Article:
Richmond, Va., portal takes requests 24 hours a day

Citizens of Richmond, Va., can request tree trimming, pothole filling and other services around the clock, at

The first iteration of the Citizens' Request System dates back to 1994, when it was a CICS system for telephone transactions, said Jerry Myers, project leader of Richmond's community services team. The Cobol request system ran on an IBM mainframe and has gone through several updates.

A new Web version launched last year has a user account system called, modeled partly on from Yahoo Inc. of Santa Clara, Calif. Visitors can personalize their accounts, said Jamie Fox, project leader for the city's Web team.

The site uses the IBM DB2 database management system and stores user account information in a Microsoft SQL Server database. Secure Sockets Layer encryption protects transactions with user names and passwords.

When a citizen submits a request, the system assigns it a tracking number for the appropriate department. Each department supplies an estimated completion date.

'It's like when you buy something on the Internet,' said Kirk Baumbach, acting systems and programming manager for the IT Department. 'You get an auto-confirmation e-mail back with a tracking number.'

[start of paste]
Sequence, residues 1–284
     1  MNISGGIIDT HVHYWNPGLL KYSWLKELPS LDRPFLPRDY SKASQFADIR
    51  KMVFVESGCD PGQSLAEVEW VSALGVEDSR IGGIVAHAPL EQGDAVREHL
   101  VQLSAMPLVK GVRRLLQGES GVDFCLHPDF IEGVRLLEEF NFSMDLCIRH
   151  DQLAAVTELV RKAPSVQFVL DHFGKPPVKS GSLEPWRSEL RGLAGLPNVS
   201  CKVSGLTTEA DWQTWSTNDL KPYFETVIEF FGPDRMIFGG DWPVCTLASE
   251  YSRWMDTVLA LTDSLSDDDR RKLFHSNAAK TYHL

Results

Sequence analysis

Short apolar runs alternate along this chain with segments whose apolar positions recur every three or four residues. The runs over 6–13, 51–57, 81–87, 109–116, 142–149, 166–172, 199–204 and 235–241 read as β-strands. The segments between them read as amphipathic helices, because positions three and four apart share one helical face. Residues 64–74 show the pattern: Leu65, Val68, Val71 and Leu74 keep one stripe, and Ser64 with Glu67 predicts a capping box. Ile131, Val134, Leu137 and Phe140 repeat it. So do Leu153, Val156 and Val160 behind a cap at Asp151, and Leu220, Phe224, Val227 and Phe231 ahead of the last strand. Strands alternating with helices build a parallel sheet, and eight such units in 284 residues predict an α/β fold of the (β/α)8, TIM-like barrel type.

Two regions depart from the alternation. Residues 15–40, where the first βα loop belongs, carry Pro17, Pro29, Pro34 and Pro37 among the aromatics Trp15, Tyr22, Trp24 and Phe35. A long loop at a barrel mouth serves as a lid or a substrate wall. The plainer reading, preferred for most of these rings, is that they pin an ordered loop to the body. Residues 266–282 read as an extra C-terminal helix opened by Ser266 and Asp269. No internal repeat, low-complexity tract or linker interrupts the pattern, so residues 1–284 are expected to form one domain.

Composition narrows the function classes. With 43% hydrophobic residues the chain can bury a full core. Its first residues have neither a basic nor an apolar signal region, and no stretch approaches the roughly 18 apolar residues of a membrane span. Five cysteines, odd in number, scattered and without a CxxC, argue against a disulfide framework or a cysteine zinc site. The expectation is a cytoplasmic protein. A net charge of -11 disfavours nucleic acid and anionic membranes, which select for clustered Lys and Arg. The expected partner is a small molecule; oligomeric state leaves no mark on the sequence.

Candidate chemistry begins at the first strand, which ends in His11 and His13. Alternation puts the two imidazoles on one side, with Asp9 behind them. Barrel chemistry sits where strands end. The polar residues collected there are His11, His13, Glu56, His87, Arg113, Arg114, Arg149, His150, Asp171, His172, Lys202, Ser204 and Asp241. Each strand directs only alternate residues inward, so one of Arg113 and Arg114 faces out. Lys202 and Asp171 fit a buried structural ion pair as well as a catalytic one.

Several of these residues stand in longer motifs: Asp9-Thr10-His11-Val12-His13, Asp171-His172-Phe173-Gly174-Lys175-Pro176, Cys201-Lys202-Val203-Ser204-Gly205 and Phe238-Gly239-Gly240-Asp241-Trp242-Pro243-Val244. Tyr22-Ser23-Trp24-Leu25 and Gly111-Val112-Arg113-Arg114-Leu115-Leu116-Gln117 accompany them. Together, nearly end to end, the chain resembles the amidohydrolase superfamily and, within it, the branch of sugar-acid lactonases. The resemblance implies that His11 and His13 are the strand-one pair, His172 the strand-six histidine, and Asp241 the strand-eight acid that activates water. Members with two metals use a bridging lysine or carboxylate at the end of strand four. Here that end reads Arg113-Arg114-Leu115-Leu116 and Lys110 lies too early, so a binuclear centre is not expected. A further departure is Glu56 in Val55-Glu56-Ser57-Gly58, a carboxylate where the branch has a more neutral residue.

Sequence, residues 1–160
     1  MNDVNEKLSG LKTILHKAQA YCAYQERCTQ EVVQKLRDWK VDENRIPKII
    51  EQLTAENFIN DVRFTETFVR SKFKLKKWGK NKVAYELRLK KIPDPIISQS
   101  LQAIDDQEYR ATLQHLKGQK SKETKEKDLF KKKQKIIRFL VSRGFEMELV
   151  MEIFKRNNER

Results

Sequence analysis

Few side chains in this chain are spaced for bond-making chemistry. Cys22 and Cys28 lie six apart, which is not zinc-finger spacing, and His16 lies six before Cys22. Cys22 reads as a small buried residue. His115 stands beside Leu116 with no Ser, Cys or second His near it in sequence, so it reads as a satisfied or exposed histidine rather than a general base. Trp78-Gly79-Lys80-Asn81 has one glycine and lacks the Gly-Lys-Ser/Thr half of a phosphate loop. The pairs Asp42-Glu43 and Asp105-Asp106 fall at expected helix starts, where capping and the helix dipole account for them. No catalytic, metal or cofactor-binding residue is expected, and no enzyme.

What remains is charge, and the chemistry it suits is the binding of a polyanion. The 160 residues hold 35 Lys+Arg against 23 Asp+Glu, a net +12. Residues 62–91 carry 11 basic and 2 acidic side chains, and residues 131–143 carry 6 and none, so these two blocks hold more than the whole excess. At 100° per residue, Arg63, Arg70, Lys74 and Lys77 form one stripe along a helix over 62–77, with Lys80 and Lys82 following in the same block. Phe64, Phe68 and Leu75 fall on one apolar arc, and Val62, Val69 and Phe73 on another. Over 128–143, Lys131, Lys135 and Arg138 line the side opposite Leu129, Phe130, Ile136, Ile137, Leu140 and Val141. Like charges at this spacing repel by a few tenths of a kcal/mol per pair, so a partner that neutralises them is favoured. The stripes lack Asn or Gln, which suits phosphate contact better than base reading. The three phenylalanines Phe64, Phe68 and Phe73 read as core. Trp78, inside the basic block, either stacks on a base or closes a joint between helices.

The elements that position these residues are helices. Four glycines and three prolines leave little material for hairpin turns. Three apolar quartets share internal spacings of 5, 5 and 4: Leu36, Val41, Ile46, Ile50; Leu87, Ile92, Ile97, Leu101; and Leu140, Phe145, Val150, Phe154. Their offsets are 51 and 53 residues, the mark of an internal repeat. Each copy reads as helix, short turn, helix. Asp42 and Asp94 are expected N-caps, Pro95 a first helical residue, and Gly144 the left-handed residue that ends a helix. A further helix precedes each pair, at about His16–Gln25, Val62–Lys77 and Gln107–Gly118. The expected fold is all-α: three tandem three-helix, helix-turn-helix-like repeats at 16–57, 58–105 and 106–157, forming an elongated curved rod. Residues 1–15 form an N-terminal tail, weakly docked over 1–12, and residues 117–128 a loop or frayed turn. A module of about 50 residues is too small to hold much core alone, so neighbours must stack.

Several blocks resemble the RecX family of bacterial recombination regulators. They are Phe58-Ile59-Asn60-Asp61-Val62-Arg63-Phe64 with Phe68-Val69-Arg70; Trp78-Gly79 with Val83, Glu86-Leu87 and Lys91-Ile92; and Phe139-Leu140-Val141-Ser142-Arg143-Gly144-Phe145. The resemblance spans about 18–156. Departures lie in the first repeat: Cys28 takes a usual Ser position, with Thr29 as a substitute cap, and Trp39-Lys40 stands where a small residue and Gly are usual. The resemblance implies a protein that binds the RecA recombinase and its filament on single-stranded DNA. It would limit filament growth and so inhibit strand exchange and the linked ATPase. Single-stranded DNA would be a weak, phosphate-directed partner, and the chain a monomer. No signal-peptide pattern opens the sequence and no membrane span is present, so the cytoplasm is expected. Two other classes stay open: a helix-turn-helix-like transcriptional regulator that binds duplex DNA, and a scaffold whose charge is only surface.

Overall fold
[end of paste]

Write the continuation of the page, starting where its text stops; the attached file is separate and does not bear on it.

The site also uses error-checking filters built in-house, Fox said. One application verifies user addresses against an address database for the area, Myers said. If someone types in an invalid address, the system prompts, 'Do you mean this?'

A geographic information system maps requests digitally. The GIS feature came in handy during and after Hurricane Isabel last September, Fox said. The department tracked damage by plotting green dots on a GIS map, and 'practically the whole city turned green,' he said.

The portal averages about 1,200 requests a month, Myers said. From Sept. 18, the day Isabel hit, through Oct. 20, the site received more than 3,170 requests.

The portal has a filter for profanity in four languages as well as security features to deflect denial-of-service attacks. Both applications were developed in-house by systems developer Nick de Lioncourt in Microsoft Visual Basic Script and Structured Query Language.

Fox said he reported a pothole on his street at the portal in the fall. Two days after he sent in his request, the hole was fixed. But it wasn't preferential treatment for city employees, Fox said, because 'it didn't know where I worked.'

About the Author

Trudy Walsh is a senior writer for GCN.

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